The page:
Marine ecotoxicology is the study of identifying exposure of marine organisms to pollutants, such as metals, and measuring changes to the organism's physiology, so called biomarker endpoints, which need to be optimised for deep-sea organisms, a vital process if we are to fully understand the impact of deep-sea mining.
DNA damage, expressed as strand breaks using the Comet assay, is one such biomarker. The Comet assay requires a horizontal electrophoresis step in which small DNA fragments migrate through a gel mounted on a microscope slide which need to be covered by a special buffer solution while the electrophoresis is running. As the ship is rocking to and fro as it moves through the water, the buffer solution will slosh backwards and forwards repeatedly uncovering the slides and interfering with the electrophoresis process. Robert Rennie our workshop engineer in the Institute for Life and Earth Sciences at Heriot-Watt University, designed and built a gimbal table to stabilise the movement of the buffer solution and cancelling out the ship's movements.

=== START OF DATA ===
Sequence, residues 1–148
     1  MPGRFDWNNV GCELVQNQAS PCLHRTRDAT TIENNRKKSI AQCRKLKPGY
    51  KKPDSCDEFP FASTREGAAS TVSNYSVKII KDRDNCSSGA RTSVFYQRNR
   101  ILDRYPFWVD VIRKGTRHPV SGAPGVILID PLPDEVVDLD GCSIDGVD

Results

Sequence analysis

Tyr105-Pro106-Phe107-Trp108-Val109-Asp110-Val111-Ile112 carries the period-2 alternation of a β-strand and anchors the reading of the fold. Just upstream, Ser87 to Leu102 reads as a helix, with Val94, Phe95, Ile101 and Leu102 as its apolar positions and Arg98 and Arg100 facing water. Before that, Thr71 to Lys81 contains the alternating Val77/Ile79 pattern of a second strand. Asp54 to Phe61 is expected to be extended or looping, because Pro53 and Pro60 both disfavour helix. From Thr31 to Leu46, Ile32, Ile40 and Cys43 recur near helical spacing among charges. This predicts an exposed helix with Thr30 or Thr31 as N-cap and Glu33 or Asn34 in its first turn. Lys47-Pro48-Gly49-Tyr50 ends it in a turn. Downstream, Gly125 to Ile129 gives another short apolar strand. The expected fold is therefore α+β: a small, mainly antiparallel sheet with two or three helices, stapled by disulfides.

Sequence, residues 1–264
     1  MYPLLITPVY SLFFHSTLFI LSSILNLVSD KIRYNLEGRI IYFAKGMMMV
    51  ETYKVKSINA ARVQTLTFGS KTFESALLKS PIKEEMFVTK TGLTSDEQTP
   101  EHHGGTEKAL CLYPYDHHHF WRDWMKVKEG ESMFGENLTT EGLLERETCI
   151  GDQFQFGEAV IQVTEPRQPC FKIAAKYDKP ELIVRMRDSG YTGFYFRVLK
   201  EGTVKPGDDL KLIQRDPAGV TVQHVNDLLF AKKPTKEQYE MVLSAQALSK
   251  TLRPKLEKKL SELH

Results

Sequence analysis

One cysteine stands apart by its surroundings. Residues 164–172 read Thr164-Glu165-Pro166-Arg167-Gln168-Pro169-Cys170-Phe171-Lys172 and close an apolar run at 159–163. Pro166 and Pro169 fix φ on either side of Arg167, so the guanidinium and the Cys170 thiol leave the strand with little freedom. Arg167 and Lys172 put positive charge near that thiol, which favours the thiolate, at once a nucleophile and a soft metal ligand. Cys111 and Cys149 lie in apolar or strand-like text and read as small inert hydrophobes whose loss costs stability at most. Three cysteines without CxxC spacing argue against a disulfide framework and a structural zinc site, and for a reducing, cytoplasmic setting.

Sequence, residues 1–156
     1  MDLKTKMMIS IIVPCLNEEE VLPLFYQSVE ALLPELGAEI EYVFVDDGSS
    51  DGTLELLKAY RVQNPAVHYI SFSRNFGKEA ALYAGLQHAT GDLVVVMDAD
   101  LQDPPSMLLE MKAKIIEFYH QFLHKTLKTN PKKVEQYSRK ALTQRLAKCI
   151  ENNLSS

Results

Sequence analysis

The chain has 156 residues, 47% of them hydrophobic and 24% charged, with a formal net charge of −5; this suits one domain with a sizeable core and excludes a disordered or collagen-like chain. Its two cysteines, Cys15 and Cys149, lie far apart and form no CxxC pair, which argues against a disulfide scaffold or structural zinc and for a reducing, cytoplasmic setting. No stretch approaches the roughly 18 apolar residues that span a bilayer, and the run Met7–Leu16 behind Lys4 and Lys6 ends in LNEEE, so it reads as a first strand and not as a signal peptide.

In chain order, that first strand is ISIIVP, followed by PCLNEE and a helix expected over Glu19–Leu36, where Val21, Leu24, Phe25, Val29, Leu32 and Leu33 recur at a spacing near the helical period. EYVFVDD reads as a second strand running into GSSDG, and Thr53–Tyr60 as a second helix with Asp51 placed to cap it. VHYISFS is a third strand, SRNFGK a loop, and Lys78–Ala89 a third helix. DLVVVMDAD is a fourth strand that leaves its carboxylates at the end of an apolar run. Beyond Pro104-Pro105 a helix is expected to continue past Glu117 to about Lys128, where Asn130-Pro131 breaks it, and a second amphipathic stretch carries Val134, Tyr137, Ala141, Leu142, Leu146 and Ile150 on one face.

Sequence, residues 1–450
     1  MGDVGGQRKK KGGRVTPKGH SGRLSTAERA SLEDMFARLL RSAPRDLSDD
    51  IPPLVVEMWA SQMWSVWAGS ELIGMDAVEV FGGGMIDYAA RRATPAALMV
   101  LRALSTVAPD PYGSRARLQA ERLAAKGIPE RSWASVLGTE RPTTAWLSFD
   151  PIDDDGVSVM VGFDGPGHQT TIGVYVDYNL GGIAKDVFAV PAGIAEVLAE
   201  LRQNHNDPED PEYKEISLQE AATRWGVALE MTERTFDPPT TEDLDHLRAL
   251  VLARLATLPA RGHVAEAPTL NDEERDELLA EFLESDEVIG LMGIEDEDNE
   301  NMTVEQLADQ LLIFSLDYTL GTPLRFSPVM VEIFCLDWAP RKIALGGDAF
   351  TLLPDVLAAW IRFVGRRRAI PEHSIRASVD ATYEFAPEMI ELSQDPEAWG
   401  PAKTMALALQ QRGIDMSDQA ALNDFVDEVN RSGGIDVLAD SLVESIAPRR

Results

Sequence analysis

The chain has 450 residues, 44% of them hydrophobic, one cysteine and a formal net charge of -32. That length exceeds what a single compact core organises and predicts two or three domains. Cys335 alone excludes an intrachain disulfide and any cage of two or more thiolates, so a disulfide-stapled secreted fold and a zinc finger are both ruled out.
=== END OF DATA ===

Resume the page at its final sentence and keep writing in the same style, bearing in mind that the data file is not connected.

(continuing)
This will allow us to prepare fish blood and gill samples for the Comet assay at sea without having to freeze them. The freezing process introduces artefacts that increase the background level of strand breaks and greatly decreases the sensitivity of the assay. On day 3 of the first SMARTEX cruise (JC241), we have successfully tested the custom design. We are now ready for our first samples.
Click on the image for a link to a video clip showing how the ship moves whilst the electrophoresis solution remains near static.